5 min read ⌚
Science as a Candle in the Dark
If there’s any part of you interested even slightly in astronomy and cosmology, you probably owe a lot to Carl Sagan. He popularized these disciplines as nobody before him. And in “The Demon-Haunted World” you can see how he managed to popularize skeptical and scientific thinking as nobody ever since.
About Carl Sagan
Carl Sagan was an American astronomer, cosmologist and astrophysicist, and probably the man responsible for bringing these disciplines to the mainstream. His 1980 TV series, “Cosmos: A Personal Voyage”, is the most watched scientific TV series in history, so far seen by half a billion people in over 60 countries.
He wrote many bestselling books; among them: “The Dragons of Eden”, “Broca’s Brain” and “Pale Blue Dot.”
“The Demon-Haunted World PDF Summary”
You probably think of scientists as nerdy guys in white coats who solve equations and experiment on rats. You may even think that they are working on boring stuff that doesn’t concern you.
Well, have a look around: almost everything you see was once devised by some kind of a scientist. The very fact that you’re reading this article is a tribute to the power of science.
It was the mind of a scientist where the Internet was invented, where the smartphones and the laptops were first born.
And it all stemmed from something scientists adore: skeptical, or critical thinking.
“The Demon-Haunted World” is a book which explains why skeptical thinking is practically the only actual way of thinking and how you can practice it best.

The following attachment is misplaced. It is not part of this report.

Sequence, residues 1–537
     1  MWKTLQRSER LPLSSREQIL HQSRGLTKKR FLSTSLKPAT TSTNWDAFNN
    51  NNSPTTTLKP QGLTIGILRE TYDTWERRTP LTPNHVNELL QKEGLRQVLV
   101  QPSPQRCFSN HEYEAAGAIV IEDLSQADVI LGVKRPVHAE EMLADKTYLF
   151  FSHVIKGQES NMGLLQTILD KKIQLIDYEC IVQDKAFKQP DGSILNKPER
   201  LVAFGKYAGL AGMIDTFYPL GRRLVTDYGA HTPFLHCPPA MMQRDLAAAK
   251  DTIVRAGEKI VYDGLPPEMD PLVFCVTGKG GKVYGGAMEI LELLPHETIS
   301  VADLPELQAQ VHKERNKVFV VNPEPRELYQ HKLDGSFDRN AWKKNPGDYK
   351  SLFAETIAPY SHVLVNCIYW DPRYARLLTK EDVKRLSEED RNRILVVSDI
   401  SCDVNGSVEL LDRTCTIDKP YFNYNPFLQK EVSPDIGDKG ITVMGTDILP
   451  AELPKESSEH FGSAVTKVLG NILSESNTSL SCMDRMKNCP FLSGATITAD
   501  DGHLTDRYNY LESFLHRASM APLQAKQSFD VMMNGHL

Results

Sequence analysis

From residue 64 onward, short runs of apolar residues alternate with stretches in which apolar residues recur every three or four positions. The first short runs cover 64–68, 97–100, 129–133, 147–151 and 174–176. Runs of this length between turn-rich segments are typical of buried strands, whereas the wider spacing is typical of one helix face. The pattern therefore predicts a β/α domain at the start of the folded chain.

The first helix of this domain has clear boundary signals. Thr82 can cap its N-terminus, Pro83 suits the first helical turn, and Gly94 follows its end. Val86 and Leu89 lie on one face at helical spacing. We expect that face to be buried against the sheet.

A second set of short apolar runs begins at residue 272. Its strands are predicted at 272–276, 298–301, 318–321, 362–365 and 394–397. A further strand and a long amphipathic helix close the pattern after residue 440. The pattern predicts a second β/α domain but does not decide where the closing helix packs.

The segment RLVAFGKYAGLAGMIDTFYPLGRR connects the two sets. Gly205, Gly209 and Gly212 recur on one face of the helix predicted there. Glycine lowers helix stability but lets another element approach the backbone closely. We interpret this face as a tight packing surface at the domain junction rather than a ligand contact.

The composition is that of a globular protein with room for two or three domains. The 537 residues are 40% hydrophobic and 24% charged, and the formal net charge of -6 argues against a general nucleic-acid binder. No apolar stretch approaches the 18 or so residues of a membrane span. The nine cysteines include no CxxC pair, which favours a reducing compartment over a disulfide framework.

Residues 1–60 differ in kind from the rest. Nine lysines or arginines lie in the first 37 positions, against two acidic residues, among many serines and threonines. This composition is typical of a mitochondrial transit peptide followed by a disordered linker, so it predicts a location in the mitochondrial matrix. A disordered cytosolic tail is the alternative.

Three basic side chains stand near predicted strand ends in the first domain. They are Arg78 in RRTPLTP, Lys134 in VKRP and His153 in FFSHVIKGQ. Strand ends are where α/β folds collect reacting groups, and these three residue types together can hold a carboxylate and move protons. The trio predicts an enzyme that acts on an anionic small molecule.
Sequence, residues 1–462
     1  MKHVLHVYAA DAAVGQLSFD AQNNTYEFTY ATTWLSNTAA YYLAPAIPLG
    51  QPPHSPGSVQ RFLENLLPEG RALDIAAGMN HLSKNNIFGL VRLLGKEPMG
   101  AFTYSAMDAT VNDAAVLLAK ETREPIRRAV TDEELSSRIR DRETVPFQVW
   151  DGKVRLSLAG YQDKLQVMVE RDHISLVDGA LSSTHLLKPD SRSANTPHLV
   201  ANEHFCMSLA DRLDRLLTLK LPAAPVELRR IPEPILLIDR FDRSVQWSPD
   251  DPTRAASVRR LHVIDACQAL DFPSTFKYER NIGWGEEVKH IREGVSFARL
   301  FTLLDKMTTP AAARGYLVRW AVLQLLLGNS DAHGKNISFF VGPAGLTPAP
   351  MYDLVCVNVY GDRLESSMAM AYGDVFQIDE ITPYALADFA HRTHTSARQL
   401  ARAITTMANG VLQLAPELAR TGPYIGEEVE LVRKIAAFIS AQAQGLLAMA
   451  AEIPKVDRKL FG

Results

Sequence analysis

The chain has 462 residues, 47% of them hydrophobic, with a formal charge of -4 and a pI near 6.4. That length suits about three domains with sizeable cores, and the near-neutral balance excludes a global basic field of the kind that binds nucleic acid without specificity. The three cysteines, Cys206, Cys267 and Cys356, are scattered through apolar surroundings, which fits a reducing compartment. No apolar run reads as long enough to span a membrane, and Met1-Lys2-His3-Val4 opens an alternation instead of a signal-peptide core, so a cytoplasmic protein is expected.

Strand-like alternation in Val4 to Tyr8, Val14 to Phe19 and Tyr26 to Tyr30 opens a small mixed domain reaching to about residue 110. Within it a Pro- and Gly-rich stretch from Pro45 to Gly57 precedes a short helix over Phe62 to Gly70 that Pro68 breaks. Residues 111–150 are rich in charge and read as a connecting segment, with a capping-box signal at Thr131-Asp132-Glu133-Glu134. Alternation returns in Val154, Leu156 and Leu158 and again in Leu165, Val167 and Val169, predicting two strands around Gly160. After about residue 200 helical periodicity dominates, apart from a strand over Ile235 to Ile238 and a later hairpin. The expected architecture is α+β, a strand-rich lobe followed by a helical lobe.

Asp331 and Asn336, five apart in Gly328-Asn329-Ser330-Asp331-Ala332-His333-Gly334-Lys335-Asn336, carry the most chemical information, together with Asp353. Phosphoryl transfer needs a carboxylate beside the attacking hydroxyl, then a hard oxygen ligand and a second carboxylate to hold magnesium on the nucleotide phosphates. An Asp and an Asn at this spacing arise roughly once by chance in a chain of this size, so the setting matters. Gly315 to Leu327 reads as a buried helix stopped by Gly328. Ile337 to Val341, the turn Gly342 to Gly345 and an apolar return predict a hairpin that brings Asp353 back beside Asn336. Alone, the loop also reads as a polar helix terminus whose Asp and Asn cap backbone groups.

And it starts by exploring uncritical thinking.
For example, in the Middle Ages, people believed that demons called incubi entered women’s rooms and impregnated them during the night.
It’s not – because thousands of Americans report being abducted by aliens every year. Without offering a single shred of evidence for it! And millions believe that they are right. According to Carl Sagan, neither of these two groups uses its mental capacity to think skeptically.
Because, if they did – they’d understand that, by the same logic, I can claim many odd things. Such as, for example, that I have an invisible dragon in my garage. (See our “Key Lessons” section for more.)
And that’s dangerous for many reasons. What’s not – is challenging other people’s beliefs.
And that’s what science does. And, by doing it, makes humanity better. First of all, by helping it avoid dangers; then, by improving the material conditions of the poor through technological advancements; and finally, by allowing us to grapple with some of the most important questions.
But, lack of science is dangerous for society as well.
Because, then, people can be easily manipulated into believing the completely wrong things. For example, racial segregation. Concepts such as slavery (see: drapetomania) and the Holocaust happened because scientific theories were left untested.
And governements protected them.
Science makes mistakes, but it’s democratic and it’s based on few concepts democracy is also based upon. Some of the most important among them: diversity, skepticism, trial-and-error, the quest for objectivity.
It is the last which makes science wondrous and beautiful. And even more miraculous than religion. Just think about it: is it a greater miracle to be created by an omniscient being or by stardust?